The short answer is no. However, there are some important points to consider when assessing a company’s tax liability in connection with cryptocurrency investments. The Danish Tax Council has recently issued a ruling on these matters, which we’ll discuss in this update.
In a binding response dated May 31, 2022, the Danish Tax Council has addressed various questions regarding the taxation of cryptocurrency held by companies.
This is the first binding response where the Tax Council has explained how a company investing in cryptocurrency should be taxed.
The specific case concerns a capital company formed with the purpose of making investments in cryptocurrency and generating returns from these investments.
FIFO OR REALIZATION PRINCIPLE?
Under the Danish Act on Taxation of Gains and Losses on Securities (section 23, subsection 5), companies are generally subject to tax on capital gains and losses on stocks and securities using the realization principle. This means that the profit or loss for the income year is calculated as the difference between the value of the assets at the end of the income year and the beginning of the income year. In practice, this results in taxation of profits (or granting deductions for losses) even if the cryptocurrency has not been sold.
The Danish Tax Council has now confirmed that cryptocurrency held by a company is taxed according to the realization principle. This means that profits (or losses) are only taxed at the time the company disposes of the cryptocurrency. As a result, unrealized gains are not subject to taxation. This is because cryptocurrency is considered a form of property and is not covered by the Danish Act on Taxation of Capital Gains on Listed Stocks and Securities, the Danish Act on Taxation of Capital Gains, or other tax laws. Therefore, the taxation of cryptocurrency in a company is based on sections 4-6 of the Danish State Tax Act.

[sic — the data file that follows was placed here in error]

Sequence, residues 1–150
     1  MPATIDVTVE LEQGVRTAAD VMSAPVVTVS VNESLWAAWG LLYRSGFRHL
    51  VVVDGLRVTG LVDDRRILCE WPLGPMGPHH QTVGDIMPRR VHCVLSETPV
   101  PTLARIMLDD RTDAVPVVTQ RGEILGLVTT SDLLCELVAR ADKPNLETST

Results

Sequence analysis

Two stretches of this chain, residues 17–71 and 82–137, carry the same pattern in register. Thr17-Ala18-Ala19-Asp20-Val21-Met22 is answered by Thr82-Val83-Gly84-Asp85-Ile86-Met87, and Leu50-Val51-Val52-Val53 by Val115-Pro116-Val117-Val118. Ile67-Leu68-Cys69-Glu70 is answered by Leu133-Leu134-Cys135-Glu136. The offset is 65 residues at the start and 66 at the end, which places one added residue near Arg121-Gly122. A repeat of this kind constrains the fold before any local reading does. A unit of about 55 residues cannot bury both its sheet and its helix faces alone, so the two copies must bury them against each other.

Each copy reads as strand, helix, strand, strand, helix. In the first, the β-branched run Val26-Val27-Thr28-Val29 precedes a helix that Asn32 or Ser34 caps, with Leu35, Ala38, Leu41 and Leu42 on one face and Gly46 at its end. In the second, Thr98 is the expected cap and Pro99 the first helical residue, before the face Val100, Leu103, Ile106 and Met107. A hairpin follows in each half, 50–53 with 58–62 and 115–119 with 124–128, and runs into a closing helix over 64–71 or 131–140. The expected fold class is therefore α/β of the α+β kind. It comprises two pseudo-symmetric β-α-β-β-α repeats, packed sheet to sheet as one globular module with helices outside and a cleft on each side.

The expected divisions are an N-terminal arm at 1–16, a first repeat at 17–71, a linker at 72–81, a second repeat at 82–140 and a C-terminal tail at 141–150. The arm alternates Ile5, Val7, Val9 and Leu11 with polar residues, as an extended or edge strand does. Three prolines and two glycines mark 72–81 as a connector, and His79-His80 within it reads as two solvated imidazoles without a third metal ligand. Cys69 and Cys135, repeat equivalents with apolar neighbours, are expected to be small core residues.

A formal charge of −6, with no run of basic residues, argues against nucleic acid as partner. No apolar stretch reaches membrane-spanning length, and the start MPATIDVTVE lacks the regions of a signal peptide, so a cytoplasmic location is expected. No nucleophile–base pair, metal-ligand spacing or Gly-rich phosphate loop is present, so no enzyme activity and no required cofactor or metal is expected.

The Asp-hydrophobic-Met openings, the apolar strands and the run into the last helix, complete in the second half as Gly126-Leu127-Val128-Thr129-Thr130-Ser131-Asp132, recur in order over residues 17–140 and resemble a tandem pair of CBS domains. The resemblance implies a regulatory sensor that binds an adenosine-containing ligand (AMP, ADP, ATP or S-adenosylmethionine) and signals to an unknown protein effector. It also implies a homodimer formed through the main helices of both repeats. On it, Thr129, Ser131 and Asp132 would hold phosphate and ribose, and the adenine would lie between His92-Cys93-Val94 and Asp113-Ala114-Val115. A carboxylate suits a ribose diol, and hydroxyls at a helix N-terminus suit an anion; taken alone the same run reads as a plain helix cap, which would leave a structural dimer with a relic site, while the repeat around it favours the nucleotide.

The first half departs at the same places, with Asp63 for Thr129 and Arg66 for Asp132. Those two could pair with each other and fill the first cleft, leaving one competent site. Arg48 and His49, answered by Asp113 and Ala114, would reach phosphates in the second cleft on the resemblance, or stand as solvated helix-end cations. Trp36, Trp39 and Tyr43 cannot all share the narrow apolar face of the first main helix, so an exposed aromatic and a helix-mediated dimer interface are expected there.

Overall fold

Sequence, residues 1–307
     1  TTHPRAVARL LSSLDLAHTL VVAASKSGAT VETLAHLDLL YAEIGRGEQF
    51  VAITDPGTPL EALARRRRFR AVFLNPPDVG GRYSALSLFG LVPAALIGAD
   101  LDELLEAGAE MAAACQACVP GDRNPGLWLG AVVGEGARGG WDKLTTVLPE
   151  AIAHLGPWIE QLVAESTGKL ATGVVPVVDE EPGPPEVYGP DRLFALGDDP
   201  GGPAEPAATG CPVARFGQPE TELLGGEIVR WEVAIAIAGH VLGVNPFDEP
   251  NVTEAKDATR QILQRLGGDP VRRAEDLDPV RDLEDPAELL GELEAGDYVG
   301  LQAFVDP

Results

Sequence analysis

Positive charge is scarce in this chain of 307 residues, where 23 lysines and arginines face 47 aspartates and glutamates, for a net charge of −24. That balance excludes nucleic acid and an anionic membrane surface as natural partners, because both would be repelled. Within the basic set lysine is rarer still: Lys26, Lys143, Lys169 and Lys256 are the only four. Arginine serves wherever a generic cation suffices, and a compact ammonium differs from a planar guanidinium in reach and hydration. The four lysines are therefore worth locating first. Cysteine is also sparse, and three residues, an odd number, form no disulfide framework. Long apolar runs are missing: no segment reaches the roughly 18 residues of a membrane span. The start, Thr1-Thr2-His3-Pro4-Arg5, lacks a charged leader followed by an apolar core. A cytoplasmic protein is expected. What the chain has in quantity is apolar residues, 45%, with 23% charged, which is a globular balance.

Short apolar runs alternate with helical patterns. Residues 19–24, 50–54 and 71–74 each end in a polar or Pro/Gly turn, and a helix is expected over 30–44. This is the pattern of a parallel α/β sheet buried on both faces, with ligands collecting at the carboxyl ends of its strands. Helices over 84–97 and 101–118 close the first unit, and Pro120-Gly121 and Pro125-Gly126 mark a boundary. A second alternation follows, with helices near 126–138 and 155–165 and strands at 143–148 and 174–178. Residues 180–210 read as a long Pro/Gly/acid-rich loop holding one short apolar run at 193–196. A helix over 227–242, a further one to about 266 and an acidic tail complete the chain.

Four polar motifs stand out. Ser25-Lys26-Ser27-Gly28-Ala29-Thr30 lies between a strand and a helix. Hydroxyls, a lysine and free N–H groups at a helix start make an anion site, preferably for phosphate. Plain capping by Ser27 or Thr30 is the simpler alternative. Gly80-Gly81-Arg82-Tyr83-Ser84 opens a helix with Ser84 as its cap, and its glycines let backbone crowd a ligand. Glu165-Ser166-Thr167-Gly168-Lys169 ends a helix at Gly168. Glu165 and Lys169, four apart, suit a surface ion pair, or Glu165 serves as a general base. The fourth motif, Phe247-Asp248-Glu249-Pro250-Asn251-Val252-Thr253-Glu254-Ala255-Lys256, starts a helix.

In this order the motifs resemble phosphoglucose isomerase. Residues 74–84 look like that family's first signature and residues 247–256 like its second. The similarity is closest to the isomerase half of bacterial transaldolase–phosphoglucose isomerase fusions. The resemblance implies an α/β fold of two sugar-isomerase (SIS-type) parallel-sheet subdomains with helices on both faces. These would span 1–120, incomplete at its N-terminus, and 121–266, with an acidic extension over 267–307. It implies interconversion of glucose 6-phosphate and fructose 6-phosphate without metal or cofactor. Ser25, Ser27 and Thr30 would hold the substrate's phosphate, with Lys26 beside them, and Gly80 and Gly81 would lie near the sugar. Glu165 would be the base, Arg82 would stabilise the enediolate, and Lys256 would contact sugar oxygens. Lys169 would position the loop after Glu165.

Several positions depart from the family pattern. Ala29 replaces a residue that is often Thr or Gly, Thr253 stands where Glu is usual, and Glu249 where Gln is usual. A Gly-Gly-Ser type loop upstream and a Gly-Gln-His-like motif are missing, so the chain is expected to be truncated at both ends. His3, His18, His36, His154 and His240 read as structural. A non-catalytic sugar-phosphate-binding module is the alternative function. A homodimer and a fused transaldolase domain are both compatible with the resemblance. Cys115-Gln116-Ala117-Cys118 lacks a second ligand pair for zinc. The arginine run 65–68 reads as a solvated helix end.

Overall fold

ARE “GAS FEES” A BUSINESS EXPENSE FOR THE COMPANY?
When conducting transactions with cryptocurrency, a fee, commonly referred to as ‘gas fees,’ is typically paid to the blockchain network. The question is whether a company investing in cryptocurrency can deduct this expense as a business expense under section 6, subsection 1, letter a of the Danish State Tax Act. The condition for such a deduction is that the expense must be incurred to acquire, secure, and maintain the company’s income. Additionally, there must be a direct and immediate connection between the expense and the acquisition of income.
In this case, the Danish Tax Council found that, in line with other practices, gas fees cannot be deducted as a business expense. Instead, they should either be added to the acquisition cost or deducted from the disposal proceeds.
Finally, the Danish Tax Council confirmed that the FIFO (First In, First Out) principle is also applied to a company’s transactions with cryptocurrency unless the disposed cryptocurrency can be identified. In that case, the asset-by-asset principle should be applied.
You can read the Danish Tax Council’s ruling here.
CONTACT US TODAY
As Denmark’s only specialized firm in cryptocurrency matters, Samar Law has extensive experience in advising on cryptocurrency taxation cases. If you have received a letter from the Danish Tax Authority and are unsure about what to do, we encourage you to contact attorney Payam Samarghandi at firstname.lastname@example.org or on mobile at +45 60793777 for a non-binding consultation.